Low Carb Horse Diet

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Killing with Kindness Easy Keeper

As we are winding up another year, looking for gifts for our family, horse friends, and our horses too…and as we are headed to that time of New Year's Resolution, here's something for you to chew on.

Easy KeeperDo we kill with kindness? Do we give gifts to friends and family that are loaded with sugar, refined carbohydrates and fats? Do we feed our horses that way too?

It is a well-known fact that most horses (like most Americans) are overfed and under worked.

And many horses and their humans are "easy keepers", that is, they seem to stay pretty round on what seems like just air and water, as opposed to "hard keepers" who have a hard time gaining and keeping weight.

But in reality, it boils down to being overfed and underexercised.Easy Keeper

Although I am sure you know that overfeeding can lead to laminitis, did you know that horses can suffer from diabetes-like metabolic disorders just like humans?

That's why it is important to carefully regulate what you feed your horse, how much you feed him and when you feed him.

Horse exerciseAnd it is essential that he have the opportunity to get some sort of exercise regularly - active turnout, longeing, riding, driving, or ponying.


Lo Carb Diet for Sweetums???

A horse can't really be put on a lo-carb diet because carbohydrates are a natural and necessary part of a horse's diet. But many horses, just like people, will benefit from a low glycemic diet - one with more complex carbohydrates like roughage from hay and with fewer simple carbohydrates like sugar, molasses, refined grains, or sweet young pasture.Horse nervous energy

Horses get energy from fats and carbohydrates. Carbohydrates include simple sugars, starches and cellulose. Grains, grass and hay all contain varying amounts of sugars and starches and fiber. But if you feed excess fats and carbohydrates, it can lead to nervous energy, obesity, and other health problems.

To state it simply, it is healthier for a horse to eat oats than sugar; but even better that he eat beet pulp than oats; better that he eats grass hay than third cutting alfalfa hay; safer for him to be turned on mature pasture than new vigorous growth; and there might be a place in your horse's ration for oil (a fat).

Grains in general, such as corn, oats and barley, are lower in fiber and higher in energy than roughage like grass hay. But of the grains, oats are the safest to feed with hay because they are relatively high in fiber and low in energy, and higher in protein than corn. Corn has the highest energy content of any grain and can put weight on a horse quickly. Barley is an intermediate source of energy and protein content. horse exercise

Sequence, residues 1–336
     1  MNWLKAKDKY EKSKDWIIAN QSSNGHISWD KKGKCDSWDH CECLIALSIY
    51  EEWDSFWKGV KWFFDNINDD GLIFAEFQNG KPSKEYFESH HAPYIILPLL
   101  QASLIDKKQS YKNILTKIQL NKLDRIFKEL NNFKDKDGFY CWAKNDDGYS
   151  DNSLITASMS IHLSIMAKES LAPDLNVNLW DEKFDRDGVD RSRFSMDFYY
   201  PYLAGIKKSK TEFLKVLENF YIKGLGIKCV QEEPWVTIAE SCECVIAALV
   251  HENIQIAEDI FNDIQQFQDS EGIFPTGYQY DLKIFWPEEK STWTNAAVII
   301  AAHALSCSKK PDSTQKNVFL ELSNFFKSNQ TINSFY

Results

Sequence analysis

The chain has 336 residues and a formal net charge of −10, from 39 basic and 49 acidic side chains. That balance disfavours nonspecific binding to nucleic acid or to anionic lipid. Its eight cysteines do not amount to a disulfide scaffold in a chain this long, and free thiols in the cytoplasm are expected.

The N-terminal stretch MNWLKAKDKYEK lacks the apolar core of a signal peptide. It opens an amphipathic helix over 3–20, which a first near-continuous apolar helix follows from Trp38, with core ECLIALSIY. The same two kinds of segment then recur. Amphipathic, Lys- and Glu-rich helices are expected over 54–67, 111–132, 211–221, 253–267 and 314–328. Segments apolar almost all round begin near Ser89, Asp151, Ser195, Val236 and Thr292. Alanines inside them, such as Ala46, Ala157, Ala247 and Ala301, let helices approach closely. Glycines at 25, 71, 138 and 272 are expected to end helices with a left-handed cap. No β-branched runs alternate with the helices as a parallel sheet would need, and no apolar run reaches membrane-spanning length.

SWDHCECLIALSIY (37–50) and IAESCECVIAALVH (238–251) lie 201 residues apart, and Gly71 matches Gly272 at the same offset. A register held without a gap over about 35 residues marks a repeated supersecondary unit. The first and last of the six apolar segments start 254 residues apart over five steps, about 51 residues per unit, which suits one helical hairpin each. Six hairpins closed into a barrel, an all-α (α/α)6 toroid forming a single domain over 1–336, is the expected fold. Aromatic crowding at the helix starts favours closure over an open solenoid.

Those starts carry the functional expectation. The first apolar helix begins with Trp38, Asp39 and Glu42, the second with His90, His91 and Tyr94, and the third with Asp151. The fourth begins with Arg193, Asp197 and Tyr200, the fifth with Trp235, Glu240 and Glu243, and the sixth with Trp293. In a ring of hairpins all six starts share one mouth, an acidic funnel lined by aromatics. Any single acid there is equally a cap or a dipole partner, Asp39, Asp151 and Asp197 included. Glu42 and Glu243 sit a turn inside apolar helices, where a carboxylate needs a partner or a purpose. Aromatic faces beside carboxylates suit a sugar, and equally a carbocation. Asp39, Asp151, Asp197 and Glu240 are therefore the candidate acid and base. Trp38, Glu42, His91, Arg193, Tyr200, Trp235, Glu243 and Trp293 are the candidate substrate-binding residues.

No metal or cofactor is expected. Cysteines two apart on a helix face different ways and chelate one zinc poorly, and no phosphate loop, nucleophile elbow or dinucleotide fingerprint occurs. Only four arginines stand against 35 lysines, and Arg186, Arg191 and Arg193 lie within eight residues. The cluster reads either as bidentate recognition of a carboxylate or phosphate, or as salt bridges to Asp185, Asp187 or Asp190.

Cellulose is a complex carbohydrate - it is the fiber or roughage portion of grass and hay. A horse digests cellulose in the cecum where small microbes break it down slowly over a period of time.

Fats are found in grains and roughages at a low level (2-4%) but horses benefit and can tolerate a ration that contains as high as 10% fat. A ration higher in fat than that can cause runny stools. Fats are necessary for metabolic functions and are associated with healthy sleek haircoats. Fats produce 2.25 times the amount of energy as an equal weight of carbohydrate and they produce less heat. (Adding oil to your horse's diet during cold weather won't keep him as warm as adding more fiber in the form of grass hay.)

Pasture can be a perfect part of a horse's diet or it can be disastrous. I am never in a hurry to turn my horses out on spring pasture. First, because dryland mountain pasture is fragile, I like the plants to get a good head start before the horses start their eager grazing. And secondly, I want the grass to be safest for my horses, that is low in sugar. Fast-growing grasses are usually lower in sugar concentration than slow -growing grasses. So in drought years (slow growth) I have to be watchful and err on the side of caution with turnout, but in normal years, once the grass is 4-6" tall, if environmental conditions are right (see below), I allow the horses monitored grazing. As our pasture grasses mature over the summer, they usually becomes safer for longer periods of grazing, both for the health of the pasture and the horses. But each locale, weather scenario, and forage type will result in different grazing recommendations. Night time temperatures are a big factor in the safety of grass for grazing.

Here in the foothills of the Rockies, after a hard freeze in the late fall, when the plants are completely brown, the pasture that is left is usually safe for light grazing. But I keep a close eye on it because leaving some plant matter in winter pastures will help catch and keep the precious winter snows.

For more information on the current research on low carb feeding and laminitis prevention, visit www.safergrass.org.


Two of my part-Warmblood mares began showing signs of EMS (Equine Metabolic Disorder) and I found a nutritional supplement that I have been feeding them.

easy keeper

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